Wednesday, December 7

NASA to Roll SLS Rocket Back To VAB Before Ian Makes Landfall – ExtremeTech


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Hurricane Ian is on track to cut a broad swathe across Florida’s panhandle and peninsula. Unfortunately for NASA, Ian’s timing coincides exactly with Artemis 1, the inaugural launch of the agency’s Space Launch System moon rocket. So, out of prudence, NASA has called off the Artemis 1 launch they had scheduled for liftoff on Oct. 2. Instead, the agency will roll the SLS rocket back to the Vehicle Assembly Building, in order to protect it from the storm and make some repairs to the rocket. Mission techs will also need to replace the batteries on the rocket’s flight termination system.

In a blog post, NASA said, “The decision allows time for employees to address the needs of their families and protect the integrated rocket and spacecraft system.” The agency held out as long as it could, waiting for a favorable forecast, before finally calling off the launch. “Managers met Monday morning and made the decision based on the latest weather predictions associated with Hurricane Ian, after additional data gathered overnight did not show improving expected conditions for the Kennedy Space Center area.”

As of Monday evening, the storm is moving NNW, with the eye about to pass over Western Cuba. The storm will linger over the island through the evening into Tuesday morning. Then, NOAA forecasts that Ian will explode in intensity, blossoming into a fearsome Category 4 as it passes over an area of very warm water in the Gulf.

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While the ocean contributes a ton of energy to the storm, wind conditions may be less favorable. NOAA has identified a band of vertical wind shear toward the southwest. That shear may well undercut Ian’s intensity before it makes landfall. It’s just too soon to tell.

‘Worst-Case Scenario’ for Tampa

As the storm heads for landfall somewhere along Florida’s Gulf Coast, projections disagree on where exactly the storm will go. Much of coastal Florida, from Cape Coral northward, is already under mandatory evacuation orders.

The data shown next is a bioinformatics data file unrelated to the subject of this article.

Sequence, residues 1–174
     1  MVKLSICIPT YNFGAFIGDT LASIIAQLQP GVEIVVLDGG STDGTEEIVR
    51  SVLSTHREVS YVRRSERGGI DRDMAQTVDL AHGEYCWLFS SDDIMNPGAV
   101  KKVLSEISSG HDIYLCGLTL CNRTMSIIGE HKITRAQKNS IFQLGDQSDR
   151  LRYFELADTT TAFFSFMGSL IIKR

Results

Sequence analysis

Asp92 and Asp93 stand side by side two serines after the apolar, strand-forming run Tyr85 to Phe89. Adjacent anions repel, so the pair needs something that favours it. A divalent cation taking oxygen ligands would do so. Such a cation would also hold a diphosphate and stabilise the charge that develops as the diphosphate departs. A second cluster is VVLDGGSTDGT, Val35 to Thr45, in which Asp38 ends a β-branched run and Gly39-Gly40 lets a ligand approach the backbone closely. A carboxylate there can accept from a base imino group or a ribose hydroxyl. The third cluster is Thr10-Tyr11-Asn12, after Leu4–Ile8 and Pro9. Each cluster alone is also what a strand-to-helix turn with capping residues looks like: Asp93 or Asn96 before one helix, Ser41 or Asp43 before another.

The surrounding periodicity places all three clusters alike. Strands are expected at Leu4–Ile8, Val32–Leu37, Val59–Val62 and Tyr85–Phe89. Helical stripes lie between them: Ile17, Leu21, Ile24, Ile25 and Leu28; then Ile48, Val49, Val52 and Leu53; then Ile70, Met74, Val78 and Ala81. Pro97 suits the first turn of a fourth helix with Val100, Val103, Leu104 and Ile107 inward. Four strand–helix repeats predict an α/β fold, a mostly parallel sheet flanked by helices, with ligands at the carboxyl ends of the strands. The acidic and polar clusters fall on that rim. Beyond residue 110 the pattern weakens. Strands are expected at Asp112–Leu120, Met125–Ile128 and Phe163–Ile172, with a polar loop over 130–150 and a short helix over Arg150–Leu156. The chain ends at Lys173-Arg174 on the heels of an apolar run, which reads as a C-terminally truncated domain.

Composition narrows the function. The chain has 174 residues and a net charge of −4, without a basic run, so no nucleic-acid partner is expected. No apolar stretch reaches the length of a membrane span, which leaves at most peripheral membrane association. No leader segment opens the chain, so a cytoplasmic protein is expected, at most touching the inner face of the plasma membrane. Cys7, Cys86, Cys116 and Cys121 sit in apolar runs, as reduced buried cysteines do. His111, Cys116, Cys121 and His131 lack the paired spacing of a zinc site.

It’s likely that flooding will be the most dangerous part of this storm. Most of Florida can expect several inches to a foot of rain. But the storm surge forecast keeps rising. That puts Tampa and St. Petersburg in particular danger.

Rick Davis, of the National Weather Service’s Tampa office, explained that the area doesn’t have to get a direct hit from the hurricane to see catastrophic flooding. Tampa Bay is exquisitely vulnerable to storm surge, because water pushed into the bay has nowhere to go. “So it just continues to pile water in into downtown Tampa,” Davis said.

“We tell people even if they’re lifelong Floridians like myself, this is something that we haven’t seen in our lifetime,” Davis added. “So we definitely need to take it seriously.”

Worse, the storm is slowing down. As of Monday evening, Ian was moving NNW over Cuba at about 13 mph. But forecasts show that the hurricane may slow to just seven miles an hour by Wednesday evening. At that speed, Ian could squat over central Florida for four days.

NASA will roll the SLS rocket back to the Vehicle Assembly Building, to protect it from Hurricane Ian.

Click the image to go to NOAA’s Hurricane Ian forecast page.

Storm surge is more a problem for Florida’s Gulf Coast than its Atlantic side. But the fact that Kennedy Space Center is on the Atlantic coast doesn’t exempt it from risk. For a hurricane approaching from the Gulf of Mexico, Kennedy will be on the “dirty side” of the storm. Hurricanes in the Northern hemisphere rotate counter-clockwise, so for a northbound hurricane, winds in its eastern quadrant will be blowing toward the shore, backed by the full force of the hurricane’s momentum. That means places to the east of the storm are at the greatest risk from wind, storm surge, and airborne debris. As comedian Ron White once said, “It’s not that the wind is blowin’… it’s what the wind is blowin’.”

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NASA hasn’t made an official announcement yet, but this rollback pretty much rules out a launch attempt in October. It will simply take too long to unplug the SLS, roll it back to the VAB, make the repairs, and then reconnect all those wires and hoses. However, there’s another launch opportunity on Nov. 12.

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